Fever is defined as an abnormally high body temperature often combined with shivering and delerium. It is also a state of excessiveness and near blind compulsivity.
When there is too much for us to process, fever comes. In our metaphysical selves, the accumulation of selfish desire creates a febrility of the mind. In one commentary of the Bhagavad Gita, selfish desire is followed by a “wrath.” This wrath is a fever. It is obtuse anger and a compulsive wanting. Like a virus, this urgent needing is virulent and spreads on all planes – including within the self and throughout society. This cycular epidemic can be known as adharma – a time when things are moving counter to any supportive rhythmn. According to the Bhavagad Gita, when too much of adharma aggregates, there is social decay and God must embody on Earth to begin a deep and sometimes radical cleansing.
Arjuna, when asking Krishna for guidance on the battlefield, reveals his state of profound confusion, of moha. Moha is a byproduct of illhealth. It is a time when we are so overcome that we are unable to comprehend the difference between supportive and unsupportive – in fact we often confuse the two.
In our physical selves, according to Ayurveda, when too much of any incompletely or poorly digested material piles up within the body, it becomes toxic and is known as ama. Like in the social sphere, it compounds and aggressively prohibits the natural rhytmns of life. The body’s response is to break down the ama as efficiently as possible. If ama is left untreated, the tissues can no longer funtion properly as the blockages created by the ama send the systems into a phase of haywire – also a kind of moha.
Similar to our spiritual selves, fever is a byproduct of the accumulation of a ceaseless toxicity. Essentially, the accumulation of ama is an adharmic state within the body. The movement back to health requires a purgation of the ama from the system. This is prerequisite for health in the same way that to return to a dharmic state demands the removal of the toxic thinking and subsequent behaviour.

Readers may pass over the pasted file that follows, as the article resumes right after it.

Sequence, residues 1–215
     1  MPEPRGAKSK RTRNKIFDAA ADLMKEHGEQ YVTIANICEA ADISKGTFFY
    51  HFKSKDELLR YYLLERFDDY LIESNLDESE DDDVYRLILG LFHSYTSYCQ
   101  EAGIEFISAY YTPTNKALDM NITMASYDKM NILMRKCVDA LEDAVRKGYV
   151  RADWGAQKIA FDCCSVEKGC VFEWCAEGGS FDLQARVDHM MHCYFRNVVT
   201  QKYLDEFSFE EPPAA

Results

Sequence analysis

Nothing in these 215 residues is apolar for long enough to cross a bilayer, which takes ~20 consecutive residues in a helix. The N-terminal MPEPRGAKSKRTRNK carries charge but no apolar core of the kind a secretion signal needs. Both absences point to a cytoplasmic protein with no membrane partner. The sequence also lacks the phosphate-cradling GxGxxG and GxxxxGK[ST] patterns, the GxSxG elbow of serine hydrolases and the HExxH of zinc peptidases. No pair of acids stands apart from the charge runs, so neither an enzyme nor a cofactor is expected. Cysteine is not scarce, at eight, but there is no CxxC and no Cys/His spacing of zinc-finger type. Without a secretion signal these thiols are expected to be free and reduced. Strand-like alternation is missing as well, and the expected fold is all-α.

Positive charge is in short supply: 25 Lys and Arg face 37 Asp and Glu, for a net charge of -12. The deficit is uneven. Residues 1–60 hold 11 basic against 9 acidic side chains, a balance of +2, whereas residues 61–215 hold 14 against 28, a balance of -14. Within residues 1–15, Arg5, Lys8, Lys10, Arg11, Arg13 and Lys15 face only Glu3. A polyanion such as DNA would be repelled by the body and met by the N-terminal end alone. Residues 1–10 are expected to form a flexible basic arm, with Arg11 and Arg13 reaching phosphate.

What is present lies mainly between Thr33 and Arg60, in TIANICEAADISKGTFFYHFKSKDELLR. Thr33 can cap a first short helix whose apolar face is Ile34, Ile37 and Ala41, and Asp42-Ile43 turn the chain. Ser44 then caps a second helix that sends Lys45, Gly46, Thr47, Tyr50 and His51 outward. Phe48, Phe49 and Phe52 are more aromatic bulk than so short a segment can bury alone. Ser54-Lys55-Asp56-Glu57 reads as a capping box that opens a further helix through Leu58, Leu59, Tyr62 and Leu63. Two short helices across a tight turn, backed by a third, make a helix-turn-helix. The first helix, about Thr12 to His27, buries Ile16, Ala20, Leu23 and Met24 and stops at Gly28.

It is beautiful to see how both the processes of the physical and spiritual planes parallel each other. We become sick in the same ways on both platforms and the path to healing also corresponds.
Adharma accrues when there is too much tamasic and rajasic need – when we are functioning out of base levels of thoughtlessness and depravity. Even just imagining it, we can feel the heat rising.
Our goal as yogis is to conitinuously monitor and cleanse our systems so as to avoid the need for a grand purge. When we search and know why we are here on Earth, and how we can serve via this purpose, we keep our minds in a state where purity, sattva, carries the mental majority. Essentially if we live our lives as a consistent act of Karma Yoga, we keep adharma at bay.
Similarly, if we know our systems, and faithfully practice the methods for keeping them in a state of equilibrium via dedicated daily and seasonal supports, we also prevent ama from gathering.
This is one reason the systems of Yoga move me so much. It is not that it lacks complexity. Rather, the complexity emerges from brilliant attention to the commonality of all natural patterns surrounding us. Even our most subtle selves are made of the same materials as our most tangible, therefore the way to and from health should of course share ressemblence.
The movement from adharma to dharma is explained as a means of moving from the unreal to the real. Similarly, when our bodies are overcome with ama, we are unable to function as our true selves. We begin to behave in a way that is also unreal.
Fever of all kinds produces a hazy vision, an unstable footing, and a fear-full grabbing. The goal on both planes is to maintain a purity that stems from our ability to digest life’s offerings with ease. When we feed ourselves poison, the result is madness. The time we must spend to remove the madness is time we withold from living the gorgeous life we are granted.
Yoga graciously offers us the path to this goal. As we get closer to understanding ourselves and appreciating the sweetness of health, the more faith we have to continue the process.
Health in many ways, is a means to our greatest salvation.